BOISE, Idaho -- A new closed primary system takes effect in Idaho today, requiring voters to publicly record their party affiliation.
Idahoans historically haven't had to identify a party preference. Now, however, they'll be asked to choose from among four parties when they register to vote: Republican, Democrat, Constitution or Libertarian. If they refuse, they'll automatically be recorded as "unaffiliated" or independent -- which may or may not limit their ballot choices beginning next year.
"People are going to be angry," predicted Nez Perce County Clerk Patty Weeks. "I base that on the level of irritation and anger we see now, just from voters having to pick which ballot they want -- and we have no idea what they pick."
Beginning with the 2012 primary, though, those choices will no longer be private. They'll be public record.
"The hard-core party folks will say it's a good thing, but the more independent voters will say it's nobody's flippin' business," Weeks said. "We've talked about how to handle complaints, but if people don't like it they really need to be talking to their legislators."
The new system resulted from an Idaho Republican Party lawsuit. Party officials challenged the old open primary system, saying it undermined their selection of party representatives by allowing Democrats and other nonparty members to "cross over" and vote the Republican ballot, influencing which candidate prevailed.
The new system lets each party decide for itself whether to open its primary to independents and/or members of other parties. It's possible, for example, Idaho Republicans would only allow party members to vote in their primary, whereas Idaho Democrats could open its primary to independents. If all the parties decide to keep their primaries closed, independent voters will only be eligible to vote for nonpartisan positions, such as port commissioners and judges.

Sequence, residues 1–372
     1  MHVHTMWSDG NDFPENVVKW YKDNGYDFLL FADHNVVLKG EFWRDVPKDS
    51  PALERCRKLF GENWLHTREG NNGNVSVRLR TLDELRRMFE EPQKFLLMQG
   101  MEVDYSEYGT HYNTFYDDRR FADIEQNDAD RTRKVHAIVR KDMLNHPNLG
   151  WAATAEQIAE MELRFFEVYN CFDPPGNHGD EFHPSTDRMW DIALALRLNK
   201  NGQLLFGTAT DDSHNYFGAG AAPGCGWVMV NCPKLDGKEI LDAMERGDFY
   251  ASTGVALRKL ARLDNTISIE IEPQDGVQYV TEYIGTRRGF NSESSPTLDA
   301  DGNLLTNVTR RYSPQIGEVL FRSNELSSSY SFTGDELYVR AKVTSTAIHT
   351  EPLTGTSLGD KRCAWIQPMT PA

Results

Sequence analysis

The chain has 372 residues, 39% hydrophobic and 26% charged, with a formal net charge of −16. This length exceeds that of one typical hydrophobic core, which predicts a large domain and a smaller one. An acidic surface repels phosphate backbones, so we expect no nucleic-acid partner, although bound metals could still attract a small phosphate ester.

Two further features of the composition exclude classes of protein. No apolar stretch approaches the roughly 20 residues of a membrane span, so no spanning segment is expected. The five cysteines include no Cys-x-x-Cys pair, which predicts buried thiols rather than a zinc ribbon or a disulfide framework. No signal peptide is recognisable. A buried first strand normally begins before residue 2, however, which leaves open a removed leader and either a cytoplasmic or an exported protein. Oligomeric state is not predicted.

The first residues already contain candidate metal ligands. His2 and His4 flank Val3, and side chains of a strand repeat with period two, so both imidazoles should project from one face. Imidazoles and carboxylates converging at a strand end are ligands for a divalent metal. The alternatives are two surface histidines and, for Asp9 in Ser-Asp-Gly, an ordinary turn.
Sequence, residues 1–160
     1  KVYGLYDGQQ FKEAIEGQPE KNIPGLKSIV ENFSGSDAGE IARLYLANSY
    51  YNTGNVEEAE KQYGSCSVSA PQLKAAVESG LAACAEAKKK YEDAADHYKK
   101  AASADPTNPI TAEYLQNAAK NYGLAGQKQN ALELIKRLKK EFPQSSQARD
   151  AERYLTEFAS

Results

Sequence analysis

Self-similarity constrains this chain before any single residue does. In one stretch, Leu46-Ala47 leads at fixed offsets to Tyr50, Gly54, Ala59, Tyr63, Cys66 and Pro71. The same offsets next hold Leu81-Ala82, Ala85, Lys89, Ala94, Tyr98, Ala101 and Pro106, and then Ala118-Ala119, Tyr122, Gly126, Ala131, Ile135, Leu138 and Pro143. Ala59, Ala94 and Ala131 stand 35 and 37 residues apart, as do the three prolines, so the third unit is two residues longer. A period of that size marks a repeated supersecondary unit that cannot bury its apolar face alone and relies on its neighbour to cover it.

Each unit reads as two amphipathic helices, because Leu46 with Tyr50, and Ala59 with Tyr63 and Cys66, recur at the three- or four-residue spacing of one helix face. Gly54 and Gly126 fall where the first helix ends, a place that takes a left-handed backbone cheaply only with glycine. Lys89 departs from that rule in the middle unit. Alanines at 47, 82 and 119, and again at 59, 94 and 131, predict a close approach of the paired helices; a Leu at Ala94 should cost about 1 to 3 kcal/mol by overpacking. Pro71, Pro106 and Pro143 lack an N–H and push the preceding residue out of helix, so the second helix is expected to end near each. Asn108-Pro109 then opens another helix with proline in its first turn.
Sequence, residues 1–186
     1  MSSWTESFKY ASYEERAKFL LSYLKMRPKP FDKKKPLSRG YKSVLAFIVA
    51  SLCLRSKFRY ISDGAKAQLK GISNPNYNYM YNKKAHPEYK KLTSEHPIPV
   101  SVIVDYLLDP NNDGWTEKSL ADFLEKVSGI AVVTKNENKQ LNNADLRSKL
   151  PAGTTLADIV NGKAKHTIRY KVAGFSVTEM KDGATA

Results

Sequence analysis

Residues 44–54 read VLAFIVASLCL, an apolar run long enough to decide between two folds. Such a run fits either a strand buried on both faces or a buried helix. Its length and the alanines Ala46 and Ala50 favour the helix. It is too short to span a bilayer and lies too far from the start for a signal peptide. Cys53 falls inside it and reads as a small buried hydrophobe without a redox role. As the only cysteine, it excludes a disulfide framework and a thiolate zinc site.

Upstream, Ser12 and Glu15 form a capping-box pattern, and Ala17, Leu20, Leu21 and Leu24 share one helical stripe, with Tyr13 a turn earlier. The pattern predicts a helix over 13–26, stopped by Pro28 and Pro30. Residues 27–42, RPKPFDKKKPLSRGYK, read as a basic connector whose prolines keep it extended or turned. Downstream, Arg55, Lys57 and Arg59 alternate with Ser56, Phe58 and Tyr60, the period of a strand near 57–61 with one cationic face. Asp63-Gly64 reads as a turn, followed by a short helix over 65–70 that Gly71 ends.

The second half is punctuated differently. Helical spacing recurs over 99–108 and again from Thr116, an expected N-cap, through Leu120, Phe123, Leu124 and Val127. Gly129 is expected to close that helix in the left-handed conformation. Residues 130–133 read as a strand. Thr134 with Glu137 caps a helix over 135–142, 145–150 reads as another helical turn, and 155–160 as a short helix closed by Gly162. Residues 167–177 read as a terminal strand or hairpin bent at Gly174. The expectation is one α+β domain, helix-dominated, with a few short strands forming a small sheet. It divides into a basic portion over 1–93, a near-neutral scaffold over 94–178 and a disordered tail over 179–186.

Neither major party has indicated which direction its leaning for the 2012 primary. They don't have to announce that decision until six months before the May 15 election.
People who are already registered to vote technically don't have to re-register before then; they can designate their party preference at the polls the day of the primary. However, Weeks and Latah County Clerk Susan Petersen are encouraging people not to wait.
"We'd like to get as many people as possible registered the way they want before the primary," Petersen said. "Election Day registration takes time and slows things down."
Voters can change their party affiliation by filing a signed form with the county clerk; the deadline for doing so is the last day of candidate filing, which is about two months before the primary.
Weeks said there are still questions surrounding the new system, such as how to handle absentee voters or people in mail-in precincts. At some point, though, everyone will have to fill out a party affiliation form so poll workers will know which ballot they can receive.
The new system won't affect the general election. Regardless of party affiliation, voters will be free to choose from among all the candidates in a given race.
To see more of the Lewiston Tribune, go to www.lmtribune.com.
(c) 2011, Lewiston Tribune, Idaho
Distributed by McClatchy-Tribune Information Services.